North Korean Defector Faces $27K Fine For Sending Leaflets Into Country By Balloon

A North Korean defector said Friday he sent 500,000 propaganda leaflets by balloon from South Korea into his former country, allegedly defying a new law that could result in a $27,040 fine or up to three years in prison, the Associated Press reported.

Park Sang-hak, a South Korean activist, said he and his organization sent 10 balloons that carried leaflets criticizing North Korean leader Kim Jong Un and his government, and 5,000 $1 bills, from an area near the border. If law enforcement pursues Park under the new South Korean law that prohibits leafleting to North Korea, it would be the first known violation.

"Though [authorities] can handcuff and put me to a prison cell, they cannot stop [my leafleting] with whatever threats or violence as long as the North Korean people waits for the letters of freedom, truth and hopes," said Park, according to AP.

The law was a subject of debate this month in the U.S. during a video conference hearing with lawmakers in which opponents of the legislation called it a violation of democratic freedoms.

"What I really think is extremely alarming is a retreat by the South Korean government from its long-standing commitment to human rights vis-à-vis North Korea and China, ostensibly in the cause of fostering better relations or achieving nuclear nonproliferation," Representative Chris Smith (R-N.J.) said.

U.S. lawmakers in support of the law argued that the leafleting campaigns are aggressive and provocative toward North Korea and that it could put South Koreans living near the border at risk.

For more reporting from the Associated Press, see below.

North Korean Defector
A North Korean defector, now living in South Korea, prepares to release balloons carrying propaganda leaflets denouncing recent North Korea's nuclear test, near the Demilitarized Zone (DMZ) on September 15, 2016, in Paju, South Korea. The leaflets also denounce the North Korean government for human rights abuses. Chung Sung-Jun/Getty Images

The law that took effect last month has invited criticism South Korea is sacrificing freedom of expression to improve ties with rival North Korea.

Front-line police stations in Gyeonggi and Gangwon provinces said they couldn't immediately confirm if Park sent balloons from their areas, which Park said he used in two launches this week.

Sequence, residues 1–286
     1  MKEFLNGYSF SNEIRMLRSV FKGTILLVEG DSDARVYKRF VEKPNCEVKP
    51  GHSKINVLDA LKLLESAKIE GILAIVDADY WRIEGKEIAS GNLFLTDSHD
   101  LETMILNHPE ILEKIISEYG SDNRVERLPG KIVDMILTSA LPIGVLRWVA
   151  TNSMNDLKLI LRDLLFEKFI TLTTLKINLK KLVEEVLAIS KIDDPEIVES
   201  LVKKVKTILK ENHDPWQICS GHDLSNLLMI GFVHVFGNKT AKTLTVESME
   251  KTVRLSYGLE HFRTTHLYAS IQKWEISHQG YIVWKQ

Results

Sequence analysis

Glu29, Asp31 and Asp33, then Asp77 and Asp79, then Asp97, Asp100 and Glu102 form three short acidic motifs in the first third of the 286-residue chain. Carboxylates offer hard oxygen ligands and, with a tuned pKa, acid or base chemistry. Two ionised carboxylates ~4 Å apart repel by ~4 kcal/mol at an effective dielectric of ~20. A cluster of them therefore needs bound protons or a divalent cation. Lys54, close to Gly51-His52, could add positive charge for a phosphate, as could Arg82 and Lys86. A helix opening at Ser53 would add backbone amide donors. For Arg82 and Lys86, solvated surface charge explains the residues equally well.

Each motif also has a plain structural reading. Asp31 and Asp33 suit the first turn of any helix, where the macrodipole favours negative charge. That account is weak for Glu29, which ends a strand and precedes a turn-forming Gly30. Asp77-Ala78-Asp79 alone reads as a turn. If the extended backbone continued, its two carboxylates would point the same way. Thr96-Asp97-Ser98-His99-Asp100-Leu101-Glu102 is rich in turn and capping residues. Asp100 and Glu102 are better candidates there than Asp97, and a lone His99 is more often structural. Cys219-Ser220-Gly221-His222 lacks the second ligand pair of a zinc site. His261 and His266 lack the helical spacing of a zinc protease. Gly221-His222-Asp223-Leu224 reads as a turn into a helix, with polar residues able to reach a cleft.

Cha Duck Chul, a deputy spokesman at Seoul's Unification Ministry, said the government would handle the case in line with the objective of the law, though police and military authorities were still working to confirm Park's statement.

He would not disclose the exact locations he launched his balloons in the two border provinces, citing worries police would stop future attempts.

Park, who is known for years of leafleting campaigns, called the anti-leafleting legislation "the worst law" that "sides with cruel human rights abuser Kim Jong Un and covers the eyes and ears of the North Korean people that have become the modern-day slaves of the Kim dynasty."

Video released by Park showed him releasing a balloon with leaflets toward a dark sky. He is seen standing with a sign that partly reads, "The world condemns Kim Jong Un who is crazy for nuclear and rocket provocations."

In Parliament, lawmakers supporting President Moon Jae-in's engagement policy on North Korea hold a three-fifths supermajority. It went into effect in late March.

South Korea has previously banned such activities only during sensitive times.

In 2014, North Korea fired at propaganda balloons flying toward its territory and South Korea returned fire. There were no casualties.

During their summit in 2018, Moon and Kim agreed to halt Cold War-style psychological warfare and reduce animosities.

Kim's powerful sister, Kim Yo Jong, last year furiously demanded South Korea ban the leafleting and called North Korean defectors involved in it "human scum" and "mongrel dogs."

Despite the law, ties between the Koreas remain strained amid a standstill in broader nuclear diplomacy between Pyongyang and Washington. North Korea has made a series of derisive statements against Seoul, including Kim Yo Jong calling Moon "a parrot raised by America" after he criticized the North's recent missile launches.

South Korean Propaganda Leaflets
In this April 15, 2011, file photo, Park Sang-hak (center), a refugee from the North, and South Korean conservative activists prepare to release balloons bearing leaflets during an anti-North Korea rally at the Imjingak Pavilion near the border village of Panmunjom in Paju, South Korea. Lee Jin-man/AP Photo

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